The Fathers identified them with the four Gospels, Matthew the lion, Mark the ox, Luke the man, John the eagle: these symbols, thus viewed, express not the personal character of the Evangelists, but the manifold aspect of Christ in relation to the world (four being the number significant of world-wide extension, for example, the four quarters of the world) presented by them severally: the lion expressing royalty, as Matthew gives prominence to this feature of Christ; the ox, laborious endurance, Christs prominent characteristic in Mark; man, brotherly sympathy with the whole race of man, Christs prominent feature in Luke; the eagle, soaring majesty, prominent in Johns description of Christ as the Divine Word.6
These creatures represent four aspects of Christ Jesus as the Lion, the Ox, the Man, and the Eagle. In all four of these aspects Christ Jesus is supreme Lord. As the lion, the Lord Jesus is the King of kings and Lord of lords. . . . Matthew describes Christ in this aspect. As the ox, Christ is the servant of God, and the servant of men. . . . Mark describes Christ in this respect. As the man, the Lord Jesus is a lover, a friend, a companion, an associate, and a leader. . . . Luke describes Christ in this aspect. As the eagle, the Lord Jesus is God Himself, He is Deity, eternal, all-powerful, . . . His deity is fully described in the Gospel of John. These four aspects of the Savior are revealed again in Ezekiel Eze. 10:14; Revelation Rev. 4:6+.7
1 1. Of or constituting a synopsis; presenting a summary of the principal parts or a general view of the whole. 2.a. Taking the same point of view.American Heritage Online Dictionary, Ver. 3.0A, 3rd ed. (Houghton Mifflin, 1993), s.v. synoptic.
2 Another reason for four gospels can be found in the symbolic meaning of the number four. In our discussion concerning Interpreting Symbols, we mentioned that the number four conveys a symbolic of global completeness denoting the entire world, the earth. The message of the gospels is intended for worldwide dissemination.
3 As best we can determine, the Book of Kells was copied by hand and illuminated by monks around the year 800 A.D. Although it was probably begun on the island of Iona, between Scotland and Ireland, its name is derived from the Abbey of Kells, in the Irish Midlands, where it was kept from at least the 9th century to 1541. One theory has it that portions of the book were made at Kells, after Viking raids on Iona forced the monastery to retreat to the more isolated location, is uncertain. The book consists of a Latin text of the four Gospels, calligraphed in ornate script and lavishly illustrated in as many as ten colors. Only two of its 680 pages are without color. Not intended for daily use or study, it was a sacred work of art to appear on the altar for very special occasions. Since 1661 the Book of Kells has been kept in the Library of Trinity College in Dublin.Jerry B. Lincecum, Fort Worth Star Telegram, 3/29/90 http://artemis.austincollege.edu/acad/english/jlincecum/jbl.bk.kells.page.html.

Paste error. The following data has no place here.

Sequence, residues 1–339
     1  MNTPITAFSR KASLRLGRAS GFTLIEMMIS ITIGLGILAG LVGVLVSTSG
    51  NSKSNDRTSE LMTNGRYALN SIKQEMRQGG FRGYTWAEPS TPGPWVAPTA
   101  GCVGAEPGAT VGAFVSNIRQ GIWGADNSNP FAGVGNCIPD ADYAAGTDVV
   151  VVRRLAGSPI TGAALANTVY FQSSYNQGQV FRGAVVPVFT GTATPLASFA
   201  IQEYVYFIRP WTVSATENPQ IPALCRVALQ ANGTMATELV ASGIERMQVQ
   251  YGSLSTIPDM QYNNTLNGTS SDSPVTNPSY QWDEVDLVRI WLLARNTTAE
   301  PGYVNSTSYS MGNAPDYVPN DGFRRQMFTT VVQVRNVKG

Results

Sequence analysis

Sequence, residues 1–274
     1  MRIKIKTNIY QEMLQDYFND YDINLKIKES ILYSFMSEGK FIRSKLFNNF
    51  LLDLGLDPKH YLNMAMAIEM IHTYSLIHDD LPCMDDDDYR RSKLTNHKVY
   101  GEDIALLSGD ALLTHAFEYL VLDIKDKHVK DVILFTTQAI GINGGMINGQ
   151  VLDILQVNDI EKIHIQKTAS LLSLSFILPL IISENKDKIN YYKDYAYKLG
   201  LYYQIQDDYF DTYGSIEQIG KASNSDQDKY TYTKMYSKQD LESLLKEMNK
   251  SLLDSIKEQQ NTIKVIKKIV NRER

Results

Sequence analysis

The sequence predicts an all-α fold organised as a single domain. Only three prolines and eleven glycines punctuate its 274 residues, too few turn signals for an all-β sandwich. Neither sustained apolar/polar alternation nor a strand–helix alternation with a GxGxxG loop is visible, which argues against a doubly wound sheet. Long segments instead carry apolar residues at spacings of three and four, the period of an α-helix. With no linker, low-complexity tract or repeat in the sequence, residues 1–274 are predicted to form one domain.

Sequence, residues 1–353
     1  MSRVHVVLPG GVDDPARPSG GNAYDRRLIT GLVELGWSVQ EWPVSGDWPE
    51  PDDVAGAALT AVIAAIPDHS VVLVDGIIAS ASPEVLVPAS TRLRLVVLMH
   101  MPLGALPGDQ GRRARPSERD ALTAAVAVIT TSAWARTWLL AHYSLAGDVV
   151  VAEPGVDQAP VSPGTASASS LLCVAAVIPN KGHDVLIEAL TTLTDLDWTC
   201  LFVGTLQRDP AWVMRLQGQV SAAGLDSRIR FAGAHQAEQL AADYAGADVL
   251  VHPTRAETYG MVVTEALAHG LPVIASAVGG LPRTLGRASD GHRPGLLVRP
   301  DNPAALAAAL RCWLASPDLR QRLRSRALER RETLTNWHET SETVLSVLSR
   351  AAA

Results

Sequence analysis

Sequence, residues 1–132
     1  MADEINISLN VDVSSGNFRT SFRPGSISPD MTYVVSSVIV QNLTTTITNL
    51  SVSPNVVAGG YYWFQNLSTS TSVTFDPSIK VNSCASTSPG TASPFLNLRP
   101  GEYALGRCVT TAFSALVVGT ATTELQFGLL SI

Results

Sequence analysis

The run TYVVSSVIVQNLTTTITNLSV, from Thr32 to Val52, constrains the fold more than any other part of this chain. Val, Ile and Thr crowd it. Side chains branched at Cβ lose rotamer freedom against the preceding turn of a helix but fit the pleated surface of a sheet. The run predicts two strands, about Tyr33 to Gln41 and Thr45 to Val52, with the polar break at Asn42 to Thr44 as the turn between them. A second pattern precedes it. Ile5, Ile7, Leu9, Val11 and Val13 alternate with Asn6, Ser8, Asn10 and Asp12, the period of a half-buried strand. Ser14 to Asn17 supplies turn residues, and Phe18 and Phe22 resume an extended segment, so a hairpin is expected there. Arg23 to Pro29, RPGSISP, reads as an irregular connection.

4 The church Fathers connected the living creatures with the Gospels: the lion, Matthew; the ox, Mark; the main, Luke; the eagle, John.Charles Feinberg, The Prophecy of Ezekiel: The Glory of the Lord (Chicago, IL: Moody Press, 1969), 19. The gospels give a fourfold manifestation of Christ: He is seen in His sovereignty (Matthew), ministry (Mark), humanity (Luke), and deity (John).Norman L. Geisler and William E. Nix, A General Introduction to the Bible (Chicago, IL: Moody Press, 1986), 28.
6 A. R. Fausset, The Revelation of St. John the Divine, in Robert Jamieson, A. R. Fausset, and David Brown, A Commentary, Critical and Explanatory, on the Old and New Testaments (Oak Harbor, WA: Logos Research Systems, Inc., 1997, 1877), Rev. 4:8.
12 The identification of the Branch (Hebrew, zemach) with the Messiah is as least as old as the Targum Jonathan (50 B.C.), which at both Zec. Zec. 3:8 and Zec. 6:12 translated zemach Branch as mashiach Messiah. Randall Price, The Coming Last Days Temple (Eugene, OR: Harvest House Publishers, 1999), 230. The epithet Branch (צֶמַח [ṣemaḥ] derives from the verb used here (יִצמאח [yiṣmʾḥ] , will sprout up) to describe the rise of the Messiah. . . . In the immediate context this refers to Zerubbabel, but the ultimate referent is Jesus.New Electronic Translation : NET Bible, electronic edition (Dallas, TX: Biblical Studies Press, 1998), Zec. 6:12.
13 The genealogy of a servant is unimportant.